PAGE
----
It is a difficult task to challenge the social and economic policies of a country, especially one as patriotic as the United States during the post wartime Red scare era of the 1920 's. labor unions could account for this as they saw their membership fall from a high of 5 million in the 1920s to a mere 3.6 million by 1923(Rosenzweig 353). A combination of Supreme court decisions, Employer pressures and in many cases a lack of a strong leadership seen in previous individuals like Samuel Gompers contributed to this. Yet this trend surprisingly didn’t remain consistent as the great depression emerged around the 1930s. In fact they tripled there membership during the 1930s(Rosenzweig 429).They opened up, recruiting millions of women in their causes
No other organization in the United States arouses as much controversy as the United States’ labor union. Despite its goal to bring the employer and employee together in a bilateral partnership in lieu of an autonomous leadership track, to some the union has only succeeded in causing more mayhem than yielding anything positive while to others, the union has been a life saver by lobbying for better wage, --- and good working conditions. Depending on the perception of the worker, those who have benefited from the labor union have increased job satisfaction and wage while those who have had unpleasant experiences have no membership satisfaction therefore exiting the union. in the United States, the union emerged as early as the 1700s as suggested by Fossum (2014), “the genesis of the American labor movement parallels the birth of the nation. In 1778, New York
The late 19th and early 20th centuries were a pivotal time in American labor history, marked by profound transformation and upheaval. The rise of industrialization brought with it a multitude of challenges for workers, who were forced to contend with a range of issues including hazardous working conditions, low wages, grueling hours, and a lack of job security. These struggles were compounded for marginalized groups such as immigrants and African Americans, who faced discrimination not only in the workplace, but in society at large. Various labor unions emerged in response to these challenges, but many fell short in their efforts to represent all workers. Skilled laborers were often the primary focus, leaving behind unskilled workers who were
This group named the Knights of labor, The Knights of Labor which started becoming prevalent in the late 1880’s, welcomed unskilled and semiskilled workers, including women, immigrants, and African Americans. Their ultimate goal was to create an improved American society in which laborers owned the industries in which they worked they also held the belief that they could eliminate conflict between labor and managements. While racism was still an intensely talked about subject, the Knights of Labor actively accepted and organized, they also created opportunities and accepted blacks in a society that still was harsh towards African Americans. This group called for equality in the workplace for any color, gender, or race they lived by the phrase “equal pay for equal work.” They advocated that workers should be payed by how much they work and not receive a wage cut because they are black or a woman.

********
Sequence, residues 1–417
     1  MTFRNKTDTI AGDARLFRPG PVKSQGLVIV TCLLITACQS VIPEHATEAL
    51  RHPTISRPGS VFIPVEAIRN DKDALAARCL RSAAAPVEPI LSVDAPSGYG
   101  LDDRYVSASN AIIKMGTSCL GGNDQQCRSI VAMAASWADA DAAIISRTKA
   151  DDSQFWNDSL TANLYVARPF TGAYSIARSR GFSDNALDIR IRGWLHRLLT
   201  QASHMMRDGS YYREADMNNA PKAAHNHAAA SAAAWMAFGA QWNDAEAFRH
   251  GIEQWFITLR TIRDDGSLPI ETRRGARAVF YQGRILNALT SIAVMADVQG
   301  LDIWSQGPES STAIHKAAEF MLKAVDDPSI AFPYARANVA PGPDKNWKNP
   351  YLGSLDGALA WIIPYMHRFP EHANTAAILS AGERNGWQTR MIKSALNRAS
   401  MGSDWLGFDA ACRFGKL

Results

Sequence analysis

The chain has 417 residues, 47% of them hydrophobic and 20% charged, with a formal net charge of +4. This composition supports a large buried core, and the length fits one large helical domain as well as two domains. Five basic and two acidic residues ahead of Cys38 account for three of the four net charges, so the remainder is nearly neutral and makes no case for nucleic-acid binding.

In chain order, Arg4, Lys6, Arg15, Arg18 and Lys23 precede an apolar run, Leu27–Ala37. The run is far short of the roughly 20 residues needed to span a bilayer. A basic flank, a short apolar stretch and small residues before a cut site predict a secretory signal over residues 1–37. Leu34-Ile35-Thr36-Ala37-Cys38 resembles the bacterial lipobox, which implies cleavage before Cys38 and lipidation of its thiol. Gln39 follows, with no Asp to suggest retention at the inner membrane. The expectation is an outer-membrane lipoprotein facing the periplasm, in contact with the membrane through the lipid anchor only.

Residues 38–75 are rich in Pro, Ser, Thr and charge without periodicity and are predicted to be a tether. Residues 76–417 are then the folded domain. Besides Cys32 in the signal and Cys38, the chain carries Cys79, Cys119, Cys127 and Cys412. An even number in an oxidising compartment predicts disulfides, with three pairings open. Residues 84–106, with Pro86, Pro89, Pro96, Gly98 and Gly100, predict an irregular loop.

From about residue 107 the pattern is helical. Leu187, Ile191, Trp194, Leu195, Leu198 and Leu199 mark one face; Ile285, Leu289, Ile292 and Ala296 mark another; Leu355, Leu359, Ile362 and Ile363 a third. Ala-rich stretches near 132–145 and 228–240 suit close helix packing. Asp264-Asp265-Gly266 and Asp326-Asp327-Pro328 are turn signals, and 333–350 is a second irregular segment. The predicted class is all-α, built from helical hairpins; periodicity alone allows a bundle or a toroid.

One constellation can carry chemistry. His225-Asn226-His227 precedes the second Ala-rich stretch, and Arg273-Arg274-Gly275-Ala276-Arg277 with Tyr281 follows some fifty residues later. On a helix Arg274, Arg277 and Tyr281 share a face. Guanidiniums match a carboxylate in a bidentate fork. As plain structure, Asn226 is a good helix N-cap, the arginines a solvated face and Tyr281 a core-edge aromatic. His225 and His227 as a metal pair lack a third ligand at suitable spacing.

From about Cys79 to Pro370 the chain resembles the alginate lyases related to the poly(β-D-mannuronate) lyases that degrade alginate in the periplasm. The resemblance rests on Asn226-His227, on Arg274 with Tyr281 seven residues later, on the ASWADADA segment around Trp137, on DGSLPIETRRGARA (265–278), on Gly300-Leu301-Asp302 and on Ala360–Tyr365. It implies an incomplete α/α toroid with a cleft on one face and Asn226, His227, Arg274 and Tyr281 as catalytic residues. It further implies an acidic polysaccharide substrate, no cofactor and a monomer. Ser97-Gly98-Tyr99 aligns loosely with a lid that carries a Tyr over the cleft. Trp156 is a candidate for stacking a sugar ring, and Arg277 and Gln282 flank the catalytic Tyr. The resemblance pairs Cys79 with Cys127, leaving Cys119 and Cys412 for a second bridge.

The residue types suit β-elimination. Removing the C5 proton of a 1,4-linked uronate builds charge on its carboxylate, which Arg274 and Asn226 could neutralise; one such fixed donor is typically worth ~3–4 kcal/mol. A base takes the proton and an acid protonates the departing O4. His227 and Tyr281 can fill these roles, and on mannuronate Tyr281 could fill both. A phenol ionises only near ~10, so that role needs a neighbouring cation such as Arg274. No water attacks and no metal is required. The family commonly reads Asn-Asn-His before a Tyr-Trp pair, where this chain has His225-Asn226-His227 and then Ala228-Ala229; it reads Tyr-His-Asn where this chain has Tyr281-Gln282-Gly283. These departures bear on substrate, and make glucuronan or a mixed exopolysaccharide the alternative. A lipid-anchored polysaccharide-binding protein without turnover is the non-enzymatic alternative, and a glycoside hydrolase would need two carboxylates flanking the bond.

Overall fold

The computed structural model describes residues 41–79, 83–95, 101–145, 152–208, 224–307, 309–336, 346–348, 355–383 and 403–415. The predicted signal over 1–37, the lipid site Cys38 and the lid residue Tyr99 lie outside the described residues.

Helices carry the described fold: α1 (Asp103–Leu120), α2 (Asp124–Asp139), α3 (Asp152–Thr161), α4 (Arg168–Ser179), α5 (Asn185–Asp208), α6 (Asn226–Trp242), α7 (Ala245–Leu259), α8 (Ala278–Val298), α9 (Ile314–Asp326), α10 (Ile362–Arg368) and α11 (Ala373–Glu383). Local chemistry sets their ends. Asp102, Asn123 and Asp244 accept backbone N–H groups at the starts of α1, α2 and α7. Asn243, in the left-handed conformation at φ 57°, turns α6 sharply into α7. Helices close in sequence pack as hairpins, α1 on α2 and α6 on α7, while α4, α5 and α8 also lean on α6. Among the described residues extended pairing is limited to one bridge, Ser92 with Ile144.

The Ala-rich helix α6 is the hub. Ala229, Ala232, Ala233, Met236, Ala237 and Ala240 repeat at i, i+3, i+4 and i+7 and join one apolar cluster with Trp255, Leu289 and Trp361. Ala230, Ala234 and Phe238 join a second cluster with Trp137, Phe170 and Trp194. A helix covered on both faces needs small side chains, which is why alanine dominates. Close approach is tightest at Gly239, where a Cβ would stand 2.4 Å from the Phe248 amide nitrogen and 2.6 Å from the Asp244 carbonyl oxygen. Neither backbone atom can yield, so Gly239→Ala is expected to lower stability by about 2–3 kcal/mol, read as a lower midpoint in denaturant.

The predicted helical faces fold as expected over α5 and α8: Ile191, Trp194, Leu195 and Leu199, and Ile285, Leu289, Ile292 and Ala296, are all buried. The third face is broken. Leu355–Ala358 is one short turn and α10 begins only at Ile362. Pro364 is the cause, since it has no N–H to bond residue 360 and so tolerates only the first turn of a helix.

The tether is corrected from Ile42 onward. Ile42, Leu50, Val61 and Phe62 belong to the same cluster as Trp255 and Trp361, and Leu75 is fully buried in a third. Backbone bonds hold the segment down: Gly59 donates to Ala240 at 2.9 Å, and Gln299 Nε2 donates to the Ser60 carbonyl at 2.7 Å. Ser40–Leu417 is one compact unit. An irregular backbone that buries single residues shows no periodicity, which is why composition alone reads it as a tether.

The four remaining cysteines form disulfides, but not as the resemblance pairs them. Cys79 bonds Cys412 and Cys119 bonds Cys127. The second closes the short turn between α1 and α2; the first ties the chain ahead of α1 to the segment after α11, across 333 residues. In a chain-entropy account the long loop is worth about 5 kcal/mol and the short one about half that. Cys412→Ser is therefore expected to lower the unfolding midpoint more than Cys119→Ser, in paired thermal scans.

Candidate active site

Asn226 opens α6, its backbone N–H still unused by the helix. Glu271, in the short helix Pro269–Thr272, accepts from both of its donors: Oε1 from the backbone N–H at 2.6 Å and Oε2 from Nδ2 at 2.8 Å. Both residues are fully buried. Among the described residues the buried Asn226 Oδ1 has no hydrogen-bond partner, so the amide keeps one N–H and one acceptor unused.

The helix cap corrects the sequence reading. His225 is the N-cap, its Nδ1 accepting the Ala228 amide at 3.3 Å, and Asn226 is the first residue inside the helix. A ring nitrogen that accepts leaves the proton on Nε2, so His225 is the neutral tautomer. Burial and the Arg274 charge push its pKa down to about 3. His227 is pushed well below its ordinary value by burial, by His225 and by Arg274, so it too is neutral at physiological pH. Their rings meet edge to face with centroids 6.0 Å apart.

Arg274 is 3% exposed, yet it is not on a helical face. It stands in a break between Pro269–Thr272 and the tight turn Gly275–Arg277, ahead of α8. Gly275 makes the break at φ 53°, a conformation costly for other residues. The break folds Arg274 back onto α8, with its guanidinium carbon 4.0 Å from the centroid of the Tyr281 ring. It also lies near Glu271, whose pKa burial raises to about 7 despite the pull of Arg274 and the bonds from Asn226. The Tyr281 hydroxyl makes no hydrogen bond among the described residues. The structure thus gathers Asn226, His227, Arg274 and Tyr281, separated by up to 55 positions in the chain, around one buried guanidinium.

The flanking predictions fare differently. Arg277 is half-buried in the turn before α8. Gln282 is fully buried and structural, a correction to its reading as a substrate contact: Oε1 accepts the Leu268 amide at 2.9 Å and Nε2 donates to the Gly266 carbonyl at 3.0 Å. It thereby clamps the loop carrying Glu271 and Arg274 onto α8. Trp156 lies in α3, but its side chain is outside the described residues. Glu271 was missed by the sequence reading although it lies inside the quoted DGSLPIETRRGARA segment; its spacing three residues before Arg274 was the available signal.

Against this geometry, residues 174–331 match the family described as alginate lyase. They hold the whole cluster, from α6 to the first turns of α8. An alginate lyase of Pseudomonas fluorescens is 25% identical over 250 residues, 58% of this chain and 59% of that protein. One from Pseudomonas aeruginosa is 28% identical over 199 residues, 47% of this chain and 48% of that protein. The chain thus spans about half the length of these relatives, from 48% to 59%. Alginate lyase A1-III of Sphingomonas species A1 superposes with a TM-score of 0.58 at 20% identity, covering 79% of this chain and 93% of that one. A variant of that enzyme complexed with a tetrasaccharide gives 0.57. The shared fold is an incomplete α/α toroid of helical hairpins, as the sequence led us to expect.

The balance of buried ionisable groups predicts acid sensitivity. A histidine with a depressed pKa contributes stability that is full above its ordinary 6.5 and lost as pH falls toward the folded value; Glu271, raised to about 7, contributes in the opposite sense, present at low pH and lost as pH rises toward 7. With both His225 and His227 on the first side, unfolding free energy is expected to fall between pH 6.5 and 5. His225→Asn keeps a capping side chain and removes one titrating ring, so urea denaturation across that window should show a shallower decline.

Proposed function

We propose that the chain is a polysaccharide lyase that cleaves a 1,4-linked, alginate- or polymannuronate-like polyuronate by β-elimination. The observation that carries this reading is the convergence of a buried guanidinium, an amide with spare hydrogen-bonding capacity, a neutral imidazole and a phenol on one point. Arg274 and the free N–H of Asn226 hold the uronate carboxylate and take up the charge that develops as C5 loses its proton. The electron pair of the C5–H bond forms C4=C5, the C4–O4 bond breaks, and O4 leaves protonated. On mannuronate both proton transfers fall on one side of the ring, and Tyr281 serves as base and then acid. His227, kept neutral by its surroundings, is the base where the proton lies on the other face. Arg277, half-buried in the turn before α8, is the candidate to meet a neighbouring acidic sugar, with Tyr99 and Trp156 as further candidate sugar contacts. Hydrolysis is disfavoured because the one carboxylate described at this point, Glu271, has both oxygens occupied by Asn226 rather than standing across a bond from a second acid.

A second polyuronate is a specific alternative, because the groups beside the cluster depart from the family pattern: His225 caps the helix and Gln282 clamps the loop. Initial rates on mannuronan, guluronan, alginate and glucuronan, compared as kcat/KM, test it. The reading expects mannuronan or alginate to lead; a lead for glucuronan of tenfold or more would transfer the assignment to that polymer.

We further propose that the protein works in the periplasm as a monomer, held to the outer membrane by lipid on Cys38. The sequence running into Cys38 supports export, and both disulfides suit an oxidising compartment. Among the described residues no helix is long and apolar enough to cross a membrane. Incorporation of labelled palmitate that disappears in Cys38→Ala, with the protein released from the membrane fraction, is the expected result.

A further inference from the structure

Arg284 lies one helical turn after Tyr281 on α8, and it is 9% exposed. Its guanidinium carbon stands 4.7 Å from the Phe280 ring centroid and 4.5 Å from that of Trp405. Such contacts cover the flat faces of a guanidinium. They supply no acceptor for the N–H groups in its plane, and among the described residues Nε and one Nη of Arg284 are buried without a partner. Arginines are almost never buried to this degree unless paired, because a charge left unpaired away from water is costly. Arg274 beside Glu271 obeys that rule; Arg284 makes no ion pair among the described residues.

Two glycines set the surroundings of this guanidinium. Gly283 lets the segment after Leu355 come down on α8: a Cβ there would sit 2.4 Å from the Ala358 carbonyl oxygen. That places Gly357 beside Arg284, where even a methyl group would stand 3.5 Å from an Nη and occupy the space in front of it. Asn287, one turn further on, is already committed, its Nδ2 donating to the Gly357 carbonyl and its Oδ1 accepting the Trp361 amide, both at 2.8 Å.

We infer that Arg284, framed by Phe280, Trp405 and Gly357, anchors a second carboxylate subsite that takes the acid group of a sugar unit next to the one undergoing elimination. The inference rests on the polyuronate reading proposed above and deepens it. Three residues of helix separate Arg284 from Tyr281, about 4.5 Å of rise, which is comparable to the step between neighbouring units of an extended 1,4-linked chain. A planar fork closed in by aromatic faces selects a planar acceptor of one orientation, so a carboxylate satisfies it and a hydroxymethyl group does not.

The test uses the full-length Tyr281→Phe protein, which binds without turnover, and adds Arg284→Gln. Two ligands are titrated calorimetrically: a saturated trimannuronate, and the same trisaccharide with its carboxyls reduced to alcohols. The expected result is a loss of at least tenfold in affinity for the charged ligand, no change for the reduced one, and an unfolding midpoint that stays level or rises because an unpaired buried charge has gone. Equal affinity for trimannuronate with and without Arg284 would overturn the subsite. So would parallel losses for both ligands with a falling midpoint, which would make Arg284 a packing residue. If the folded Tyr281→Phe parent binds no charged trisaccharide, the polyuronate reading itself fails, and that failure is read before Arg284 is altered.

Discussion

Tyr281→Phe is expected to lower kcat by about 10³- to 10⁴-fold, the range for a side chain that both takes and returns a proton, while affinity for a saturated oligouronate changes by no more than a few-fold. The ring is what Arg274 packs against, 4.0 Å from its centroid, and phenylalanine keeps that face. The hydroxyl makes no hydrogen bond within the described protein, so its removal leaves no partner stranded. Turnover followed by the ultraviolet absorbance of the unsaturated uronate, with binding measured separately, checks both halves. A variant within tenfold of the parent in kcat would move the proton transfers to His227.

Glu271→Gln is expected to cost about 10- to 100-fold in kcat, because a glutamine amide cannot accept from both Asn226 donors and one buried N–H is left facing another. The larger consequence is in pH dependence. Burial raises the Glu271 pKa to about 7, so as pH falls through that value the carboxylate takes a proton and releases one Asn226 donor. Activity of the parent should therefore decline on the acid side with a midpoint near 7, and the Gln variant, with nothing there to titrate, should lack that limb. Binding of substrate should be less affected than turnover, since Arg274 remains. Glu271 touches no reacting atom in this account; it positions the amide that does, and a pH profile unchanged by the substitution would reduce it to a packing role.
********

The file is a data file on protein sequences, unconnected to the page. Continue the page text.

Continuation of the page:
Despite progressive victories for organized labor being achieved, both internal and external feuds and threats consistently inhibited large scale gains for the movement. Some of the victories included improved working conditions, checks against monopolies, and protections against child labor. Despite these advances, a grand coalition of workers were unable to totally unite and change the tide of rampant and abusive capitalism in the country. This led to the continuation of a very volatile growing economy that left numerous working-class Americans in shambles, unable to climb out of the holes their wage reliance keeps them in. In order to maintain their massive profits and growing power, the big business owners proved that they were willing to subjugate their own workers in order to stockpile inexplicable piles of
1.The robber barons were Andrew Carnegie JP Morgan and John D. Rockefeller. These individuals were known as robber barons because they were eliminating competition by high pricing and overcharging while managing their monopoly. 2. Trunk lines were four major railroad networks that emerged after the civil war which connected eastern sea ports to western rivers as well as great lakes. The federal government loaned $65 million to western railroads and donated millions of acres.
Peter Grosscup. He wrote “ Ask these whether the conqueror (monopoly) cares whether his trophy (the laborers) is destroyed or preserved. Ascertain from employers whether the laborer is not regarded the same as a machine, thrown out as soon as all the work possible has been squeezed out of him.” Once a worker would lose his maximum efficiency, he would be replaced by the influx of immigrants entering the United States. There was no idea of tenure, only a merit concept.
Eventually it got to the point where these workers were working so much, but barely made enough to support their family. The Knights of Labor was the first national labor group formed in 1869. This group wanted to gain an eight-hour workday, expel asian workers and immigrants from the far east, and stop child labor. Around the same time a new national organization named the American Federation of Labor (AFL) formed when the Knights of Labor union declined. The new organization was led by Samuel Gompers, a cigar maker that helped to form the union.